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Fall 2022
Date 
Time (Eastern) 
Speaker 
Title 
September 16

2pm

Amina Abdurrahman

A global cohomological formula for Reidemeister torsion

September 23

2pm

Jean Pierre Mutanguha 
Canonical forms for free group automorphisms

September 30

2pm

Marco Marengon

Relative genus bounds in indefinite 4manifolds

October 7

n.a.

no speaker

No seminar (Krichever Conference)

October 14

2pm

Marta Magnani

Parametrizing the space of maximal representations

October 21

2pm

Sam Taylor

Endperiodic maps via pseudoAnosov flows

October 28

2pm

Funda Gultepe

Curves, hexagons and geometry of surfaces

November 4

Double Header Pt 1 @ 2pm

Peter Feller

On the length of knots on a Heegaard surface of a 3manifold

November 4

Double Header Pt 2 @ 4:45pm

John Baldwin

Floer homology and nonfibered knots

November 11

2pm

Thang Nguyen

Marked length spectrum rigidity for relatively hyperbolic groups

November 18

2pm

Jane Wang

The topology of the moduli space of dilation surfaces

November 25

n.a.

no speaker

Happy Thanksgiving!

December 2

2pm

Katie Mann

Classifying Anosov flows on 3manifolds 
December 9

2pm

Gary Guth

Satellites, Stabilizations, and Exotic Surfaces 
Abstracts
September 16: Amina Abdurrahman (Stony Brook)
Title: A global cohomological formula for Reidemeister torsion
Abstract: We give a global cohomological formula for Reidemeister torsion of a 3manifold together with a symplectic local system. This can be considered as the topological analogue of a numbertheoretic formula generalizing a result of Deligne in the 70s about local espilon factors. We plan to tell the topological story and touch on some of the related ideas in topology and number theory.
September 23: Jean Pierre Mutanguha (Princeton)
Title: Canonical forms for free group automorphisms
Abstract: The Nielsen–Thurston theory of surface homeomorphisms can be thought of as a surface analogue to the Jordan Canonical Form. I will discuss my progress in developing a similar canonical form for free group automorphisms. (Un)Fortunately, free group automorphisms can have arbitrarily complicated behaviour. This is a significant barrier to translating arguments that worked for surfaces into the free group setting; nevertheless, the overall ideas/strategies do translate!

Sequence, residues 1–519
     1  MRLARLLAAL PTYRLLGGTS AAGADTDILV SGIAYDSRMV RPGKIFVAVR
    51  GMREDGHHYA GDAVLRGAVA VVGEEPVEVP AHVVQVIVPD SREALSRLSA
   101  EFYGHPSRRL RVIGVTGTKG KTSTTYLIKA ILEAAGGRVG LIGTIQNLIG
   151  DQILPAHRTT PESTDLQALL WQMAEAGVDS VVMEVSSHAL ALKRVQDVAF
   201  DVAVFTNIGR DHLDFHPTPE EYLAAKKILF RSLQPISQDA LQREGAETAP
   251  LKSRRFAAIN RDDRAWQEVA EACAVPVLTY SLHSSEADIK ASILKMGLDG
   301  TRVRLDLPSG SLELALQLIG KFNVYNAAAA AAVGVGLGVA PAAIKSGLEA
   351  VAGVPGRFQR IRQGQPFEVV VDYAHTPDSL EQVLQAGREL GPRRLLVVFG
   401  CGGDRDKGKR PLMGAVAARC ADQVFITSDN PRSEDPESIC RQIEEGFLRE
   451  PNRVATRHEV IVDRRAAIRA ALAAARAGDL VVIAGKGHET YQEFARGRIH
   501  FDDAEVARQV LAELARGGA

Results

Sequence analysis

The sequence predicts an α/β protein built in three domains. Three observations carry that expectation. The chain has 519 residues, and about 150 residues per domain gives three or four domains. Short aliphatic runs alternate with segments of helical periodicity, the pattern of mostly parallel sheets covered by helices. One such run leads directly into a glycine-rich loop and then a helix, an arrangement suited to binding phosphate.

September 30: Marco Marengon (Renyi Institute)
Title: Relative genus bounds in indefinite 4manifolds
Abstract: Given a closed 4manifold X with an indefinite intersection form, we consider smoothly embedded surfaces in X − int(B^4), with boundary a given knot K in the 3sphere. We give several methods to bound the genus of such surfaces in a fixed homology class. Our techniques include adjunction inequalities from Heegaard Floer homology and the BauerFuruta invariants, and the 10/8 theorem. In particular, we present obstructions to a knot being Hslice (that is, bounding a nullhomologous disc) in a 4manifold and show that the set of Hslice knots can detect exotic smooth structures on closed 4manifolds. This is joint work with Ciprian Manolescu and Lisa Piccirillo.
October 14: Marta Magnani (Heidelberg)
Title: Parametrizing the space of maximal representations
Abstract: Higher rank Teichmüller theory was developed as a generalization of classical Teichmüller theory and is concerned with the study of representations of fundamental groups of oriented surface S of negative Euler characteristic into simple real Lie groups G of higher rank. In the talk we will introduce Higher rank Teichmüller theory with particular attention to maximal representations. We will then introduce the Siegel space and discuss how, given a hyperbolic surface with boundary, one can parametrize the space of maximal representations from the fundamental group of the surface into PSp(2n,R).
October 21: Sam Taylor (Temple)
Title: Endperiodic maps via pseudoAnosov flows
Abstract: We show that every atoroidal, endperiodic map of an infinitetype surface is isotopic to a homeomorphism that is naturally the first return map of a pseudoAnosov suspension flow on a fibered manifold. Morally, these maps are all obtained by “spinning” fibers around a surfaces in the boundary of the fibered cone. The structure associated to these spun pseudoAnosov maps allows for several applications. These include defining and characterizing stretch factors of endperiodic maps, relating Cantwell—Conlon foliation cones to Thurston’s fibered cones, and defining a convex entropy function on these cones that extends log(stretch factor). This is joint work with Michael Landry and Yair Minsky.
October 28: Funda Gultepe (Toledo)
Title: Curves, hexagons and geometry of surfaces
Abstract: In this talk, we define and study graphs associated to hexagon decompositions of surfaces by curves and arcs and relate them to pants graph and the mapping class group. We will also give an estimate on the diameter of the moduli space of hexagon decompositions on a surface. This is a joint work with Hugo Parlier.
November 4: Peter Feller (ETH Zurich)